Wild Fires / Wild Yeasts
with Julia Bailey.
Julia Bailey is one of life’s true A+ human beings and a well known integrity driven winemaker. She works only with sustainably farmed fruit, and does not manipulate the wines at all. No weird additives or chemicals, just grapes, yeast, and a tiny touch of sulfur to keep things fresh. Old school. And no matter the climatic conditions of the year (hot, cold, rainy, dry), she always produces wines that are vibrant, playful and energetic (basically liquid representations of their creator). But what happens when nature throws the ultimate curve ball at you?
In 2020, the Oregon wildfires turned the skies red with smoke. Most don’t realize that smoke in a vineyard will produce grapes that harbor smoky components within them. It’s called smoke taint. The smoke compounds sink into the skins of the grapes and while you might not taste the smoke if you were to eat that grape, it’s during fermentation that the smoke compounds really become pronounced. So smoky grapes produce smokey wines.
“Smoke taint adds bitter — If you’re gonna make a glou glou wine with luscious fruit, you need the bitter”
Winemakers are fearful of nature’s deviations from the norm, so a calamity of this scale was both terrifying and devastating to the wine industry. Across Oregon, winemakers were proclaiming that no red wine will be made in 2020 because of the smoke taint. But why are winemakers so scared of smoke? If done right, with a little cleverness, can’t smoke be...delicious? We partnered with Julia at Loop De Loop Wines to explore this possibility.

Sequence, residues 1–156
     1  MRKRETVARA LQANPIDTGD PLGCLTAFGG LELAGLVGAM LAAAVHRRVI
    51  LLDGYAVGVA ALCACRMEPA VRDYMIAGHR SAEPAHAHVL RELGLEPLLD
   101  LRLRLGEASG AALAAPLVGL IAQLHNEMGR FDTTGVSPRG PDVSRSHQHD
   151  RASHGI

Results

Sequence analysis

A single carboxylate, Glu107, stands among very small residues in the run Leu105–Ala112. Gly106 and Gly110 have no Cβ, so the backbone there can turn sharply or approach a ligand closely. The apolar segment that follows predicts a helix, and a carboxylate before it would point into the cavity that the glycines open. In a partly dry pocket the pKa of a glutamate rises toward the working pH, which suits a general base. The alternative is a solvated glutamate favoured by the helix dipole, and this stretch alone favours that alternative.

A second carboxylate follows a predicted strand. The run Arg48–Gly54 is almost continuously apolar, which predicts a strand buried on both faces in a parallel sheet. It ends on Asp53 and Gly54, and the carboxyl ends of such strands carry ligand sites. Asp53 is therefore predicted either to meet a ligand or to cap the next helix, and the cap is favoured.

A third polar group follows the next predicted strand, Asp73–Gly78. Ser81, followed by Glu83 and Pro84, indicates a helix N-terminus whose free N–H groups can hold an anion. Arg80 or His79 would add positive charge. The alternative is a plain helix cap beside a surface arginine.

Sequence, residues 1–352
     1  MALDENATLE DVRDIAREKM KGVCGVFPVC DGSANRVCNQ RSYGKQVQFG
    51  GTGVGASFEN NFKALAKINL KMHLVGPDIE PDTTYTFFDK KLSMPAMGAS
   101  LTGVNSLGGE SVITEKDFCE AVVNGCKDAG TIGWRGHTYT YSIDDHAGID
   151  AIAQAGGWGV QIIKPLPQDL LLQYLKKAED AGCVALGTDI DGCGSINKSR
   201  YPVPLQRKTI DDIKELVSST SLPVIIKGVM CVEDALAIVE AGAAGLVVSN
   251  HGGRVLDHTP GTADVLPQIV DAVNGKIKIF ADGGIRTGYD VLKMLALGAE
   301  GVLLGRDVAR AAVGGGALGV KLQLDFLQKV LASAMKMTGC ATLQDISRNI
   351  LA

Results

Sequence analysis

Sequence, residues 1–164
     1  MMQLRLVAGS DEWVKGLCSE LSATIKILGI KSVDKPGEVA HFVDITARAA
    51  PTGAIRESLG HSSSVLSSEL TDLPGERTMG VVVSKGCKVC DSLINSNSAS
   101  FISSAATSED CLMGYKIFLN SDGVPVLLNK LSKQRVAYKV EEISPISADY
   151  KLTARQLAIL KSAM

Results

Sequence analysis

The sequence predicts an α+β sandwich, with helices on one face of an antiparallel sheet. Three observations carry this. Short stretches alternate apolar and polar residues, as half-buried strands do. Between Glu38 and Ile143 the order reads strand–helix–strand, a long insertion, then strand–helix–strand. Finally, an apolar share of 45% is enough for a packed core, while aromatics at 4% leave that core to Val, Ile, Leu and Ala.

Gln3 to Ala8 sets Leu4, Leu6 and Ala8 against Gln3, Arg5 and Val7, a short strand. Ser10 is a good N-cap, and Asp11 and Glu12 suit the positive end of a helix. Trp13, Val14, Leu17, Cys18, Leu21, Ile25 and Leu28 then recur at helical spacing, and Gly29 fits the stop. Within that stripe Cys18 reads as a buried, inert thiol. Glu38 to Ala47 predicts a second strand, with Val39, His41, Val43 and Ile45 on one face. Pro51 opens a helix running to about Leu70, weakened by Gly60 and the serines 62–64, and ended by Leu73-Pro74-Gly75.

Smokey Grapes = Smokey Wine =
It’s all about balance
(isn’t it always)?
There are tricks, for sure. You can’t just make the wine like you would in a normal year because the smoke would be over the top. Smoke taint, unchecked, is kinda like a death metal singer in a room full of harpists. You want to taste the smoke, but it’s best as a small component of a larger picture. It’s all about balance (isn’t it always)? No one wants to drink an acrid glass of ashtrays. But a mezcal pomegranate margarita? Hell ya. You get the idea.
65% white and 35% red — Gruner Vetliner, Riesling, Chardonnay, Pinot Blanc, Pinot Noir, Pinot Noir blanc, Pinot Noir Rose, Cab Franc, Cab Franc Blanc, and Syrah.
White grapes went straight into the press. The free run juice was separated from the press juice. The press fractions from each of the white grapes were blended together to co ferment. Red grapes had 2-3 days carbonic maceration. Fermentations were super fast this year and after 2-3 days, they were pressed. The press fractions from the reds were blended with the press fractions from the whites, all finishing fermentation together. All free run was put aside. Wines were racked off the lees four times to prevent some of the ashy quality of smoke taint, and it gives the wines a fresher brighter juicier quality.
Sulfur added after malo.